"I can't express it," he said. "I've been playing with my best friends since youth football at St. Mary's. We've grown up together. For a lot of them, it's their last game each week or their last practice. I want to be a part of it. It can be something special."

Streveler reminds that 9-0 in the regular season is one thing but 14-0 is quite another, a whole new season, something that people will talk about for years. That's why this team's motto is: 1-0 every week and get better every day.

"You don't want to be satisfied," he said. "You have to get better to be where you want to be."

Streveler and his teammates don't relate to the four Hartlieb brothers Marian Central's four state championship teams of the 1980s. But they do remember the 2006 team of Jon Budmayr, Bryan Bulaga and Sean Cwynar that lost to Springfield Sacred Heart-Griffin in the state final.

Streveler and his best friend, senior defensive end Liam Kirwan, think about it all the time. They met at the 2006 state championship game. It was their childhood dream to play on a state champion as seniors.

"We have swagger, a killer instinct, a mentality that we can do it every week," Streveler said. "We can see it on film when you watch the 2006 team. We talk to Bulaga (now a starting tackle for the Green Bay Packers) all the time. He donated equipment to our weight room. They were a loaded team that didn't get it done. That's a message for us."

Fast Break Morning Update: Blackhawks beat Avalanche; Bulls lose to Mavericks

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After loss to Mavs, Wade says Bulls 'keep putting (their) hand on the hot stove every day'

After loss to Mavs, Wade says Bulls 'keep putting (their) hand on the hot stove every day'

Dwyane Wade sounded every bit like a frustrated 35-year old father when talking about the repeated ills and so-called growing pains of his Bulls, as they surrendered yet another game against a sub-.500 team.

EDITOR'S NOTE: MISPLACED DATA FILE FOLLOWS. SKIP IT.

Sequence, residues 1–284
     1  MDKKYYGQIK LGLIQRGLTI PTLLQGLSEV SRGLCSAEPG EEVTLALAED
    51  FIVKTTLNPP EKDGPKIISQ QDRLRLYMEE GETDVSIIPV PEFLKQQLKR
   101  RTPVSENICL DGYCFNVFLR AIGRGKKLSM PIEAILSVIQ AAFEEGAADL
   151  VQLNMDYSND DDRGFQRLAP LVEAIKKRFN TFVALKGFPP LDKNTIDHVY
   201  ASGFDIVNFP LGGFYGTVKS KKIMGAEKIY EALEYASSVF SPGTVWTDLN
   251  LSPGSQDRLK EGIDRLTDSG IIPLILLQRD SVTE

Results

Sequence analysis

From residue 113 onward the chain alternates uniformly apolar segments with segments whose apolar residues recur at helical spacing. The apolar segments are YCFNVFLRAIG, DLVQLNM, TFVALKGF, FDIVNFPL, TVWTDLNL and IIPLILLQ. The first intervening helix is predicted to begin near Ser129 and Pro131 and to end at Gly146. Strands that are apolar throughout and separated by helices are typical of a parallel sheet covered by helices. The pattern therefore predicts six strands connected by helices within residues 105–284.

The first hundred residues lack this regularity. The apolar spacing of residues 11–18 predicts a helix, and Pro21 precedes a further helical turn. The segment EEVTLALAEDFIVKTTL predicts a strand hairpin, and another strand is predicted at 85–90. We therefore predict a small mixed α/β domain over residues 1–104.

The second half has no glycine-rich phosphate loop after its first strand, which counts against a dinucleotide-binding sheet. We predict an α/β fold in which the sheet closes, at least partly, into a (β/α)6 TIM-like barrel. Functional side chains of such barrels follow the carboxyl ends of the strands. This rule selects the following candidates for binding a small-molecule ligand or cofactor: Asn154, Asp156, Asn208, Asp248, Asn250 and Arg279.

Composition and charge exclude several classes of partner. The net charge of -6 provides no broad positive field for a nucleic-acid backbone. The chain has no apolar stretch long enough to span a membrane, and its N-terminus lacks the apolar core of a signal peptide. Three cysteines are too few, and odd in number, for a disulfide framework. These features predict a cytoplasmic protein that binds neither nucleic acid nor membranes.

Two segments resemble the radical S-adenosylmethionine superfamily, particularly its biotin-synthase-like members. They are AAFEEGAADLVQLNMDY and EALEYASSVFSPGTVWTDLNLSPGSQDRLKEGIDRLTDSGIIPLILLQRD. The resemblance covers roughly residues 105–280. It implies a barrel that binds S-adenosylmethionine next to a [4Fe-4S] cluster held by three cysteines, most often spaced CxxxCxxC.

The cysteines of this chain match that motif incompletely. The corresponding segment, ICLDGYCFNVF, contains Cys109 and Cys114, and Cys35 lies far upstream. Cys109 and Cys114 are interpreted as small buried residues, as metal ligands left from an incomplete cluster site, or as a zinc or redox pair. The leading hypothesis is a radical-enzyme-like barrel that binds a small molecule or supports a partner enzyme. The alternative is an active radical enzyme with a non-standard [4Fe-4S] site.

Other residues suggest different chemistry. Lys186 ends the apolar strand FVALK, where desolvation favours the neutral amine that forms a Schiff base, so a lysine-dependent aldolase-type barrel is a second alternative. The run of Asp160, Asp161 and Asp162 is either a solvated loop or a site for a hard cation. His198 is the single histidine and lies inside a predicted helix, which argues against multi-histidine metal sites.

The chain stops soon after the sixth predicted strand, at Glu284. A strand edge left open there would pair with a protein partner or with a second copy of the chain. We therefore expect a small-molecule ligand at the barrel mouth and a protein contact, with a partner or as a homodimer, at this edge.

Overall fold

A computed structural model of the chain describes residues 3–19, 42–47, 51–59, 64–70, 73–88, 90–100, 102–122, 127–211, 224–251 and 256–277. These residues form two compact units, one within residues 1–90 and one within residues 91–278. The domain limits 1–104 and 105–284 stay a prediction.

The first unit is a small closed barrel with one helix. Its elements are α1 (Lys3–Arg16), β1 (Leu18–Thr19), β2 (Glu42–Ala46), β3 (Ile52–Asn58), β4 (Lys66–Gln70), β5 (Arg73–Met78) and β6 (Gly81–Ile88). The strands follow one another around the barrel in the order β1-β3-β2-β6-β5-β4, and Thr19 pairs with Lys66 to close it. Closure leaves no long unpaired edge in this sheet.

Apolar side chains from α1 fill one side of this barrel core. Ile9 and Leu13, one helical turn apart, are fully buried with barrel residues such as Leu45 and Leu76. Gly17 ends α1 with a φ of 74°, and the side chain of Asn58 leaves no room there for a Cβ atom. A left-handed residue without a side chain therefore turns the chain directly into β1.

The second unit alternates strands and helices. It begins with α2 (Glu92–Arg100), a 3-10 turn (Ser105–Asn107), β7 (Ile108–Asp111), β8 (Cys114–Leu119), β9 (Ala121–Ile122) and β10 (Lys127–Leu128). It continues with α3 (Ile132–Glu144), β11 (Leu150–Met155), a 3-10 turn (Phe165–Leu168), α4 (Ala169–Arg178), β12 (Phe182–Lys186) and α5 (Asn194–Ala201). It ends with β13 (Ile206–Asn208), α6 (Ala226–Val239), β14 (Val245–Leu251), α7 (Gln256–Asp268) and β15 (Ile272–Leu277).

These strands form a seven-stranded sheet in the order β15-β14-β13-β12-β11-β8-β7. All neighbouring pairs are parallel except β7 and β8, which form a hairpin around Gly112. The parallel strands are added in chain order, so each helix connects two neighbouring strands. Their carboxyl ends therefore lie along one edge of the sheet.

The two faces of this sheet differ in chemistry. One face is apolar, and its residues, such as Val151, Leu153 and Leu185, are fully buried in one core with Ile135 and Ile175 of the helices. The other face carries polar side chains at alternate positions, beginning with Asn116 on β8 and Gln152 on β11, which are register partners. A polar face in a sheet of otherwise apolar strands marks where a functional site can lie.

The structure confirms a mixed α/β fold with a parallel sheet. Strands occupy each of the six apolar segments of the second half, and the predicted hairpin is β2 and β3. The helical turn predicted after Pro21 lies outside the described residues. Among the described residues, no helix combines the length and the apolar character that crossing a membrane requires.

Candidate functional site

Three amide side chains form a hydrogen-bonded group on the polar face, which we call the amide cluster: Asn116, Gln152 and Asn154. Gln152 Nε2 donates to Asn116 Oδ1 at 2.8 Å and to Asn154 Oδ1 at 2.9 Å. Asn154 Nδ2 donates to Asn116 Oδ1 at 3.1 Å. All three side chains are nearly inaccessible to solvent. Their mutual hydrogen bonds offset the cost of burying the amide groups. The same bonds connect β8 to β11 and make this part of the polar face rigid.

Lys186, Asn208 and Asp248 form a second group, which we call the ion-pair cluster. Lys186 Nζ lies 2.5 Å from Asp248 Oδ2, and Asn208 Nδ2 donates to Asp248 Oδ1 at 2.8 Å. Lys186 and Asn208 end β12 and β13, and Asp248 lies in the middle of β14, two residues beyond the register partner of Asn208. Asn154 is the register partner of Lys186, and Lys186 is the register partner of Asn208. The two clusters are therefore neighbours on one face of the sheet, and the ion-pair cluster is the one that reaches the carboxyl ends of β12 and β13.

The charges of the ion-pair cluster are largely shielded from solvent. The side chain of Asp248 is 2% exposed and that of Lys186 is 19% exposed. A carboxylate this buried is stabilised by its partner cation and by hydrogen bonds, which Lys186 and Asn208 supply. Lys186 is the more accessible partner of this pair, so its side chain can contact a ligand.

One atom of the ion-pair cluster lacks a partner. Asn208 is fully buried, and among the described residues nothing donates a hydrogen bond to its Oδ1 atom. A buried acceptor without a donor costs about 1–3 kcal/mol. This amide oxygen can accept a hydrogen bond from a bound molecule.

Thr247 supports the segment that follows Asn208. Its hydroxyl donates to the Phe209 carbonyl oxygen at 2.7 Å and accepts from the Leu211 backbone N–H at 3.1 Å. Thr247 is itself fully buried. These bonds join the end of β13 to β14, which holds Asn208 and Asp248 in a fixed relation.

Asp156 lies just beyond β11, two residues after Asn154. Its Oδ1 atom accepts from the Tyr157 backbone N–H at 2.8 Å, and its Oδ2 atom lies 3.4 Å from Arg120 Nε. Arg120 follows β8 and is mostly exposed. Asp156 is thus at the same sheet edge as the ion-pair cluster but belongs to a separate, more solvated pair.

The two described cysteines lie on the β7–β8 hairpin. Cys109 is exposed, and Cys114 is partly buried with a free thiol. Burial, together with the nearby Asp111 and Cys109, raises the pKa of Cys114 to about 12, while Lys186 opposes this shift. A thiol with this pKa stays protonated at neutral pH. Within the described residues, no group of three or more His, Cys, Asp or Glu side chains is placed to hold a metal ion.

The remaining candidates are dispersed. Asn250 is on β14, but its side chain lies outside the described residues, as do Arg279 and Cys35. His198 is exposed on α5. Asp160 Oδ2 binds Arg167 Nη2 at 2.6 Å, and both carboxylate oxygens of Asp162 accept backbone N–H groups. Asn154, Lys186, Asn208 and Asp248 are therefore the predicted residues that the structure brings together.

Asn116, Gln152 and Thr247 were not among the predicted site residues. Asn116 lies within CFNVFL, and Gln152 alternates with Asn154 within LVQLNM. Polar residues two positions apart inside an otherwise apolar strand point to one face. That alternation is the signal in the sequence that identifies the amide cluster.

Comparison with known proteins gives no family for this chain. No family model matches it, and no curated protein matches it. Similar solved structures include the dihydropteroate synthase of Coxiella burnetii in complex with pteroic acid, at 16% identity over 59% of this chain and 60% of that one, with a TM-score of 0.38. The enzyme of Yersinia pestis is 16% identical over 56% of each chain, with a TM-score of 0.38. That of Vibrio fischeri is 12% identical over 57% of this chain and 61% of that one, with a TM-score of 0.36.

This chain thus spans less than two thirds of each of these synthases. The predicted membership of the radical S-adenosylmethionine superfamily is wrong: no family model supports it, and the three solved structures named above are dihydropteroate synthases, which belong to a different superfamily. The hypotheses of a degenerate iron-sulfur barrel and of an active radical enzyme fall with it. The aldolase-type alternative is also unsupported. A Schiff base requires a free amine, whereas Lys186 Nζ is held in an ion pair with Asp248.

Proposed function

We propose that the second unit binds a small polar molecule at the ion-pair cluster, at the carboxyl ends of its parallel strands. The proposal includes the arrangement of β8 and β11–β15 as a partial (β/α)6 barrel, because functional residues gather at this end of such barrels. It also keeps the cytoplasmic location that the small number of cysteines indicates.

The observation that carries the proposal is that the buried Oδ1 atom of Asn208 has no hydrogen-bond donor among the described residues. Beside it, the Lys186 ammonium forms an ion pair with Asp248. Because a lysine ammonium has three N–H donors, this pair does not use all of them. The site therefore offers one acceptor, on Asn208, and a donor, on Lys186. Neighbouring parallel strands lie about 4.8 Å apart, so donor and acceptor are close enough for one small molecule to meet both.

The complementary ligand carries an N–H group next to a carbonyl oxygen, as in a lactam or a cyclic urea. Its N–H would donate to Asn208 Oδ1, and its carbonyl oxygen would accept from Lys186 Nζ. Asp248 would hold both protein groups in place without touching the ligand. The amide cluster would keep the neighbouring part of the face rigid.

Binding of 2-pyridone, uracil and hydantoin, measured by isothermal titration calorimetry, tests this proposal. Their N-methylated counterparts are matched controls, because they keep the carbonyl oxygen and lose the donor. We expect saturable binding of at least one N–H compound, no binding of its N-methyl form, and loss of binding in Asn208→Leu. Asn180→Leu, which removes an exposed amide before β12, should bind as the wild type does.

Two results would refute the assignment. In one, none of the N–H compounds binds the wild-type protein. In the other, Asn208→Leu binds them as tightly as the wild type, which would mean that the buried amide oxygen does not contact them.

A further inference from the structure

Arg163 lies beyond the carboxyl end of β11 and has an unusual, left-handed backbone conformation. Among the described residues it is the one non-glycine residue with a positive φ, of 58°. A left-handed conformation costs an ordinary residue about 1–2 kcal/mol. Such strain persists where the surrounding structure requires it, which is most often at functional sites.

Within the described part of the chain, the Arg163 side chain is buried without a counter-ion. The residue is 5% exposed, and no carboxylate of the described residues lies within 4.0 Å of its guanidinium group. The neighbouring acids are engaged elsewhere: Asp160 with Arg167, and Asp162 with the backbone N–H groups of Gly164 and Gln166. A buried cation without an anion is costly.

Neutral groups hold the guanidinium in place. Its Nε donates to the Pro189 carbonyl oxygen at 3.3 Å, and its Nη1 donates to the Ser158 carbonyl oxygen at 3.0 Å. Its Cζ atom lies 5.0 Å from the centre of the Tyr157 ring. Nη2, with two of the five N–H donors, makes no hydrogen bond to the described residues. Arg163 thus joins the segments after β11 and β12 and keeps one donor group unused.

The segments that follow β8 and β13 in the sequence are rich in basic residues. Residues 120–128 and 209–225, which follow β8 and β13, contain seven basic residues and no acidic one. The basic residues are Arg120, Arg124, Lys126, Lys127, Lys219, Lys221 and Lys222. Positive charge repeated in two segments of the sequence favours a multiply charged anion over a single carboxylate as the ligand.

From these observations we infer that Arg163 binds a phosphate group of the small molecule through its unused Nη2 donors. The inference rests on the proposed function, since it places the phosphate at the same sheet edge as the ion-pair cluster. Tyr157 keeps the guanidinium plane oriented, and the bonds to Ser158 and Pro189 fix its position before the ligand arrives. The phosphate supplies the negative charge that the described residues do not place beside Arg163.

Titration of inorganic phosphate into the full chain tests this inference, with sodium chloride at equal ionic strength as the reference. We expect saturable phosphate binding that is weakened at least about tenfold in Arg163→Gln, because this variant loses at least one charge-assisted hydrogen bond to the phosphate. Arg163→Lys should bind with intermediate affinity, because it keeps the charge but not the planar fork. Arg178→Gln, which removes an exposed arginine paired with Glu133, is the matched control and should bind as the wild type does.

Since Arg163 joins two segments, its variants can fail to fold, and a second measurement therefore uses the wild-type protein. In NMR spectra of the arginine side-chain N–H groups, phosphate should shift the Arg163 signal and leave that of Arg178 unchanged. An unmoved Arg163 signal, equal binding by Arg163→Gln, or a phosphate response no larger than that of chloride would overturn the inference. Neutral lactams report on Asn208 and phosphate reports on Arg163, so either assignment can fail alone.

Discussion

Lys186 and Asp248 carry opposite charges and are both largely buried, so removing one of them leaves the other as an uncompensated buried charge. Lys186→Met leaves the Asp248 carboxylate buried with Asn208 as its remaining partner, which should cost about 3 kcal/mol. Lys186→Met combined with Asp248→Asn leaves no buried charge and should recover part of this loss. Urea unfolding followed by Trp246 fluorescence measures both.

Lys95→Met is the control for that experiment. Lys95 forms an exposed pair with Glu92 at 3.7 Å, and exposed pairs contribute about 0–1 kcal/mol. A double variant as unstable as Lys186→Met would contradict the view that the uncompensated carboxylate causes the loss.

Sometimes it's the New York Knicks whom the Bulls are offering temporary refuge. Or maybe the Minnesota Timberwolves as they are all-too-generous to roll out the welcome mat for returning figures to Chicago.

Tuesday it was the Dallas Mavericks, the second-worst team in the Western Conference, who stormed into the United Center and escaped with a 99-98 win, courtesy of Wesley Matthews' triple with 11.7 seconds left followed by him locking down Jimmy Butler on the ensuing possession.

Wade was forced to take a contested 21-footer that went awry, but the Bulls' ills went far beyond the last two possessions, when the Mavericks exploited their strategy yet again.

"Either you learn the lesson or figure out," Wade said. "Keep putting your hand on the hot stove every day.

"We just gotta figure out not to put our hands on that stove. And understand when we come in the kitchen, that stove is hot, don't touch it. As I continue to say, this is a very young team and they have to play in these games and have to go through these moments. The one thing you want, whether it's this year or next year, is to not make the same mistakes."

The Bulls are apparently insistent on touching the stove and keep burning themselves, the most recent time with the confusion or the bad strategy in defending the Mavericks' final offensive possession.